Bernard punt return takes place among UNC's greatest plays

acarter@newsobserver.comOctober 30, 2012 

UNC running back Giovani Bernard (26) returns a punt 74-yards for a touchdown in the closing moments of North Carolina's 43-35 victory over N.C. State at Kenan Stadium in Chapel Hill, N.C., Saturday, October 27, 2012.


— On the walls of the press box at North Carolina’s Kenan Stadium, some of the great football plays in school history live on. There’s Connor Barth after his 42-yard field goal beat Miami in 2004. There’s the North Carolina defense, standing up N.C. State’s T.A. McLendon at the goal line during the final moments of another victory that same season.

There’s little doubt that, eventually, a blown-up photo of Giovani Bernard will take its place alongside those and others. It will show Bernard sprinting toward the end zone during his 74-yard punt return for a touchdown that gave North Carolina a dramatic 43-35 victory against N.C. State on Saturday.(This article continues below the video.)

The UNC-N.C. State football rivalry hasn’t lacked for dramatic moments and memorable plays. People who have followed the rivalry for decades can still remember Lou Holtz, then in his first season as Wolfpack coach, calling for a two-point conversion late in the 1972 game.

That came after N.C. State scored a touchdown with 10 seconds to play, but the conversion failed and North Carolina held on for a 34-33 victory. The Tar Heels won in 1995, too, after another late N.C. State two-point conversion attempt that failed.

In more recent times, the Wolfpack beat North Carolina amid late-game theatrics in both 2007 and 2010.

There was the late-game defensive stand in 2007, when the Wolfpack prevailed 31-27. And, in 2010, N.C. State erased a nine-point third quarter deficit with Russell Wilson’s 2-yard Hail Mary to Owen Spencer, followed moments later by T.J. Graham’s 87-yard punt return for a touchdown early in the fourth quarter.

Before Saturday, though, there had never been a play in the history of the rivalry quite like Bernard’s punt return. One moment, the Tar Heels and Wolfpack were tied at 35 and seemed headed for overtime. The next, Bernard used a wall of blockers on his way to a 74-yard return, which ended with a touchdown with just 13 seconds to play.

The moment instantly became one of the most memorable plays in the rivalry’s history. That Bernard made the play with an injured right ankle will only add to the lore. Bernard suffered the injury early in the third quarter, but asked for a chance to make the punt return late in the fourth quarter.

Larry Fedora, the Tar Heels’ first-year coach, obliged. Fedora acknowledged afterward that Bernard wasn’t at full strength during the return. But, Fedora said, “He willed himself to be.”

“He’s a guy that when a play needs to be made, he wants to be out there,” Fedora said of Bernard, who didn’t field punts – until the final one – after he suffered the ankle injury. “He wants the ball in his hands. I promise you he was always one of those kids that was wanting to take the last-second shot in the backyard. He’s just one of those guys.”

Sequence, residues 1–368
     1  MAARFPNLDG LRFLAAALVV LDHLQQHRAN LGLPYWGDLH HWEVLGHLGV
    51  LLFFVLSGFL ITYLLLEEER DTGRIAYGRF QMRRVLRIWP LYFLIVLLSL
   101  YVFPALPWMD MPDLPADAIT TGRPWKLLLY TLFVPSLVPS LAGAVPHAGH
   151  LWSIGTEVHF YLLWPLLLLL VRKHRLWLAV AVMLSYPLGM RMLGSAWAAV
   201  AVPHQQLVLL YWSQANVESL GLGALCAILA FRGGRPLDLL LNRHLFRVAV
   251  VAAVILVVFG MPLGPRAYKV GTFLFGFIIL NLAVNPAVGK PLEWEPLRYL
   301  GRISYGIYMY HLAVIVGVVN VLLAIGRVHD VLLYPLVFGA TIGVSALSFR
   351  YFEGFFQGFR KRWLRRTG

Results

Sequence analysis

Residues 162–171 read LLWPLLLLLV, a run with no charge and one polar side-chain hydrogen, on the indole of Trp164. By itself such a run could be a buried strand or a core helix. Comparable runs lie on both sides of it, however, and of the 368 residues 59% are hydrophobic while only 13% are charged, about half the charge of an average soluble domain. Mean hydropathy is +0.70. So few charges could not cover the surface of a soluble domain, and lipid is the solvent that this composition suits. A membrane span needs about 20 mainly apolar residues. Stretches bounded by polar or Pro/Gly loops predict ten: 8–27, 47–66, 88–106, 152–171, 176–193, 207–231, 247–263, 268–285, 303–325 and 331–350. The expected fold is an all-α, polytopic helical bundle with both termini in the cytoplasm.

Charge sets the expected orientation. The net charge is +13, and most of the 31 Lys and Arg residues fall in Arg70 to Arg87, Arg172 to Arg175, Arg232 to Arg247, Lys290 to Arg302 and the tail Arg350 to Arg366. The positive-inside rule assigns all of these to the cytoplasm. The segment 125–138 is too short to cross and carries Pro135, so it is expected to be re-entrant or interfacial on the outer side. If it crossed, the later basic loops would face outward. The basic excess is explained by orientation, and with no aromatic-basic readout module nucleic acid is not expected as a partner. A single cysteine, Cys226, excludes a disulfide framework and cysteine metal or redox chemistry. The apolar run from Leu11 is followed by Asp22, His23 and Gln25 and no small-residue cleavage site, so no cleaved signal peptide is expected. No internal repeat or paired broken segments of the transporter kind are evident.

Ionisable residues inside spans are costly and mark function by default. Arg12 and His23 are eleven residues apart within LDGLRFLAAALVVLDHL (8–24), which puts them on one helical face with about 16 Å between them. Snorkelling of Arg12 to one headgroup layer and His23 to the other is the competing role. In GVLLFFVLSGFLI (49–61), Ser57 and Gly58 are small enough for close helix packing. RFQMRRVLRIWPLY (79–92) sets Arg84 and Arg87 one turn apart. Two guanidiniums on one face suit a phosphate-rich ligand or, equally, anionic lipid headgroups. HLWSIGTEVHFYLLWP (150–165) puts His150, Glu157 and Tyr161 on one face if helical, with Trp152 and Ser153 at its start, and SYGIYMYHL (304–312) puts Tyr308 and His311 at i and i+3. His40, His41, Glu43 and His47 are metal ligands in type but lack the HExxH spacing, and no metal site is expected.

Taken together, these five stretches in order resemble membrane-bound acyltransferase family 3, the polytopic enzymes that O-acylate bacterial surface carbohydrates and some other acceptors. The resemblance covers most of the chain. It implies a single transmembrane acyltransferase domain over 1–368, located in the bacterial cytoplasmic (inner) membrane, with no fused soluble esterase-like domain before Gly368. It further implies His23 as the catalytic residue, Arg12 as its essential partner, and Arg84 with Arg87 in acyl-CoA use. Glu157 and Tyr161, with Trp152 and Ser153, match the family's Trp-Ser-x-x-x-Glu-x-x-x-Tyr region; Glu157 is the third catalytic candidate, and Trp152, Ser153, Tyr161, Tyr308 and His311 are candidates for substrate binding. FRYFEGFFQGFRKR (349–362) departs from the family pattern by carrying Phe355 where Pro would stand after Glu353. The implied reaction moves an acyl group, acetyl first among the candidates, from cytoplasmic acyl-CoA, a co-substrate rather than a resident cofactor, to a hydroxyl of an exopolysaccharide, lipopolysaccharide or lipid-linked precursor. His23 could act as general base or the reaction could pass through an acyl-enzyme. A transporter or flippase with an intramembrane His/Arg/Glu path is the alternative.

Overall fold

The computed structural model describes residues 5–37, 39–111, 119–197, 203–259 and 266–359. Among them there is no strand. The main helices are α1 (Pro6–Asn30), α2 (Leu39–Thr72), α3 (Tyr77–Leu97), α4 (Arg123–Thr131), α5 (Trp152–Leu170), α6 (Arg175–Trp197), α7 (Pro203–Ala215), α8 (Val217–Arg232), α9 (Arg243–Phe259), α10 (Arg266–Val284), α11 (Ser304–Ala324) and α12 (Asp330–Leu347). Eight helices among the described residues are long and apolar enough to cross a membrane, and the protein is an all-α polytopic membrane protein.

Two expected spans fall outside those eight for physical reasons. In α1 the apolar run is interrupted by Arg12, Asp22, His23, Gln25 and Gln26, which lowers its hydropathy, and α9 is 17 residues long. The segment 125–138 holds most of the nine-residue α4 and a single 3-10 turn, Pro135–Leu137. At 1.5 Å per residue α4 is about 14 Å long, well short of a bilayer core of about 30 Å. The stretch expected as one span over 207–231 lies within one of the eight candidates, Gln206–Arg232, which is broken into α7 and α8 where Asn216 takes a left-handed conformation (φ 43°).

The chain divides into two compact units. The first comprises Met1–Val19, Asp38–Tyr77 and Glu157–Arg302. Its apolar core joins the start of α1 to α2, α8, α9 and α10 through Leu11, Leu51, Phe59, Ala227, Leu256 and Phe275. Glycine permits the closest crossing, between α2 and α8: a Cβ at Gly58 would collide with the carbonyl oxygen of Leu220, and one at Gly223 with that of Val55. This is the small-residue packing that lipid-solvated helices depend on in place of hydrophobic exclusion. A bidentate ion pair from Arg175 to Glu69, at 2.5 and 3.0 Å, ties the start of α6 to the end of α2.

This wasn’t the backyard, though. This was North Carolina’s most important game of the season, and the most important moment of that game.

Throughout the days leading into the game against N.C. State, the Tar Heels were reminded constantly of their five-game losing streak against the Wolfpack. Entering the week, Fedora, seeking a motivational edge, had decorated his team’s locker room in N.C. State colors, complete with red and white streamers and balloons.

Months before, in August, Bernard spotted one of N.C. State’s “Our State” billboards. He took a picture, posted it on his Instagram page and wrote a caption: “This junk coming down real soon.”

Still, North Carolina players, ineligible for the postseason because of NCAA sanctions, attempted to downplay the significance of their game against the Wolfpack in the days leading to it. Afterward, though, there was no denying what the victory meant.

“This game was our Super Bowl game,” Bernard said on Saturday. “… For us, this was our Super Bowl, just knowing that we don’t have that postseason play. This is something that we wanted, and we were able to accomplish it.”

Bryn Renner, the Tar Heel’s junior quarterback, said he “absolutely cried” after the game. Tar Heels defensive tackle Sylvester Williams described his team’s victory as “the most exciting game I’ve played in.”

“When you’ve got a guy like Giovani Bernard, the best running back in the nation, it’s always something happening,” Williams said.

On Saturday, that something was perhaps the most memorable moment in the 102-game history of an old rivalry.

Carter: 919-829-8944

News & Observer is pleased to provide this opportunity to share information, experiences and observations about what's in the news. Some of the comments may be reprinted elsewhere in the site or in the newspaper. We encourage lively, open debate on the issues of the day, and ask that you refrain from profanity, hate speech, personal comments and remarks that are off point. Thank you for taking the time to offer your thoughts.

Commenting FAQs | Terms of Service